April 24, 2013

In the NBC News/Wall Street Journal poll conducted at the beginning of April, 35 percent of Americans expressed a favorable opinion of former U.S. President George W. Bush, while 44 percent viewed him unfavorably. Another poll by Washington Post/ABC this Tuesday, saw 47 percent in favor of the former leader, while 50 percent expressed disapproval of his administration. The poll show a jump in favorability by 11 percent for the once controversial President, who many still blame for the failure of American economy and foreign policy.

On Thursday, Bush will dedicate his Presidential Library and museum in Dallas. The dedication will showcase his legacy and serve as a reminder of his presidency, which many of his critics if asked, viewed as a failure. Since leaving office, Bush has been in seclusion and rarely appears in public. His party shunned him and at the Presidential campaign he got no speaking privilege normally reserved for a former President.

With the economic collapse of 2008 and the nation at the brink of a deep recession, mention of the name Bush, brought disgust, hatred and disapproval of his policies. Many saw a warmonger, the president who brought uncertainty and demise to American economy through a decade of war in Afghanistan and Iraq. His critics saw the need for change and mounted an aggressive opposition that brought Barack Obama to power in 2009. History has not been in favor of the former President and academics consider the Bush administration a failed presidency but is it so?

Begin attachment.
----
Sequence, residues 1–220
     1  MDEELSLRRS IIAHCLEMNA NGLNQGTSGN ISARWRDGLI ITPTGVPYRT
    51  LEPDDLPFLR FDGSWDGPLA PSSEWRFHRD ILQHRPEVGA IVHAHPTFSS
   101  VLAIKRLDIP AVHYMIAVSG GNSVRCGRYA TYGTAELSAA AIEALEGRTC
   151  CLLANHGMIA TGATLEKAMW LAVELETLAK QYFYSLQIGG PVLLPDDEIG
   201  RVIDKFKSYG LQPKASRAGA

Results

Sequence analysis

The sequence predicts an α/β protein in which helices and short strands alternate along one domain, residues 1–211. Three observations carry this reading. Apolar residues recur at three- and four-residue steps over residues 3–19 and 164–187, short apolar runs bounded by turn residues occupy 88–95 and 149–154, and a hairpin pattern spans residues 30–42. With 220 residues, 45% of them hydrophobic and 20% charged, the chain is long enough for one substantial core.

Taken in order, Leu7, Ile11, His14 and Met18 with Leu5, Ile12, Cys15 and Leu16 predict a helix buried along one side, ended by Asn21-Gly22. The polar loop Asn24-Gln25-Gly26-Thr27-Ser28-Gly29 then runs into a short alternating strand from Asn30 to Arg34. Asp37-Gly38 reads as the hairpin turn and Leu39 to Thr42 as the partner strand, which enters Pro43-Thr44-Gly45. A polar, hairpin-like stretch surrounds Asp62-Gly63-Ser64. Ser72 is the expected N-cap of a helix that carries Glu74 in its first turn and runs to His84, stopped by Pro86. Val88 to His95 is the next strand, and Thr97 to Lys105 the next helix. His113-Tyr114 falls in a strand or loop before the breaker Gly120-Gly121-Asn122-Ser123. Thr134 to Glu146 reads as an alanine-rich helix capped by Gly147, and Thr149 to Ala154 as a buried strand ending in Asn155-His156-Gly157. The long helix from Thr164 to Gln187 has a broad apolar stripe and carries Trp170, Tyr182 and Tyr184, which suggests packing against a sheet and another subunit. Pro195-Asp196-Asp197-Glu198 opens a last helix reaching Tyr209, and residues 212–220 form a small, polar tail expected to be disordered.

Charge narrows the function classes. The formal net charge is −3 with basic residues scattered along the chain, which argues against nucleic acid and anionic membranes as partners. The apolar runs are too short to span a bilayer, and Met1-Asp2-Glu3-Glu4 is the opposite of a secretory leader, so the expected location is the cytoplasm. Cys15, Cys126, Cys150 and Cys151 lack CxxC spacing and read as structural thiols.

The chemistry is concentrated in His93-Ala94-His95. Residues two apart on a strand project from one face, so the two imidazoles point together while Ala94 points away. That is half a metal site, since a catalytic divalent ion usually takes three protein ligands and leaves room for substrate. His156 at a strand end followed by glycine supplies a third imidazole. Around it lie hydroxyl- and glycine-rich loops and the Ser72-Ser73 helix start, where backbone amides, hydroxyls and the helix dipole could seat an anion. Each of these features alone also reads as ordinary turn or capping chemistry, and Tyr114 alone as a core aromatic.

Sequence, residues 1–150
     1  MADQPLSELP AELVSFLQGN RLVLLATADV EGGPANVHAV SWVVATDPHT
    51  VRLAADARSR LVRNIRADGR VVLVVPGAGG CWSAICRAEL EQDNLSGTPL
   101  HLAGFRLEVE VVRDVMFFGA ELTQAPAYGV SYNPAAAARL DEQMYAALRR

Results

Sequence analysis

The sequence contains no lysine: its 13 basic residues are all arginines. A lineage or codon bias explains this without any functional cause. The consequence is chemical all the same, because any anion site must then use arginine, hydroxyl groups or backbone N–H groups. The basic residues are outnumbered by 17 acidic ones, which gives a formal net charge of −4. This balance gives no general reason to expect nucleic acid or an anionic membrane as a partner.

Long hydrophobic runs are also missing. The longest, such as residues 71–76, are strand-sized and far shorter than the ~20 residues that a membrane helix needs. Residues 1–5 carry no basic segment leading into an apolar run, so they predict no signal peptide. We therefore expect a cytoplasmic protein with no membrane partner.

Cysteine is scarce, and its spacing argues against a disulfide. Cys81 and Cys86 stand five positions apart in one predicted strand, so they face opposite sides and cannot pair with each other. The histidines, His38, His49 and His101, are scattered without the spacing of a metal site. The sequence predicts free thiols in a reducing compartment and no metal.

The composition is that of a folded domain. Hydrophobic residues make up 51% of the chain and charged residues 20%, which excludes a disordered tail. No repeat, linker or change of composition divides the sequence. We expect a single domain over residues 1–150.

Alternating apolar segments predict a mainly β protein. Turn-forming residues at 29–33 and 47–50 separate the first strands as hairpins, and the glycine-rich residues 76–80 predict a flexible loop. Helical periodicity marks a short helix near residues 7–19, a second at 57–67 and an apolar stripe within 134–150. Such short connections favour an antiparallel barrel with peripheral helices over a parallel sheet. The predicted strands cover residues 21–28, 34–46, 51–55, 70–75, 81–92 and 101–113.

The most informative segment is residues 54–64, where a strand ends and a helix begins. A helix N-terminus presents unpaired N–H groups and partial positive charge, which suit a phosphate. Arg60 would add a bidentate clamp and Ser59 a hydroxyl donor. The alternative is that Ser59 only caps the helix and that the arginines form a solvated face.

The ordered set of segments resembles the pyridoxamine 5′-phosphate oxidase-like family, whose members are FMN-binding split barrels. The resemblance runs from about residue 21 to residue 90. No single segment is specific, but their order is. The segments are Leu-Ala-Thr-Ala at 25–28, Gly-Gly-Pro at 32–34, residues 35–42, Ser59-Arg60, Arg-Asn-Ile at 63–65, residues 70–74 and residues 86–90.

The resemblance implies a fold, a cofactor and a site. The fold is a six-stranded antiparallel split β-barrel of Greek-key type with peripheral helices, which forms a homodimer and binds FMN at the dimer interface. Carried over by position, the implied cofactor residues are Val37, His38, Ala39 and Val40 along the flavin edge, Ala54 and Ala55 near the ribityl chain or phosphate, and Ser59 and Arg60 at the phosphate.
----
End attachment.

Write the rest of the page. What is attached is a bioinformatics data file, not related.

The idea is to shed lights on Bush’s contribution to the war in Iraq and why the blame over the campaign in Iraq belongs somewhere else and not solely on the former leader. The 9/11 attack on the twin towers changed the way business is conducted in Washington and the world. Though, there were warning signs, intelligence analysts both in the United States and friendly nations failed to effectively process or follow-up on leads.

The war in Iraq, dates back to invasion of Kuwait in 1991, giving rise to the first Gulf War where the U.S. helped drive Saddam Hussein’ troops out of Kuwait. There were indications Saddam was using chemical weapons on the Kurds of Northern Iraq and that he was building his weapons of mass destruction. The beginning of the diplomatic war on Iraq intensified immediately after September 11, based on intelligence that elements of Al Qaeda were recruiting in Iraq creating a so-called link between Saddam Hussein and the 9/11 attack though, turned out false.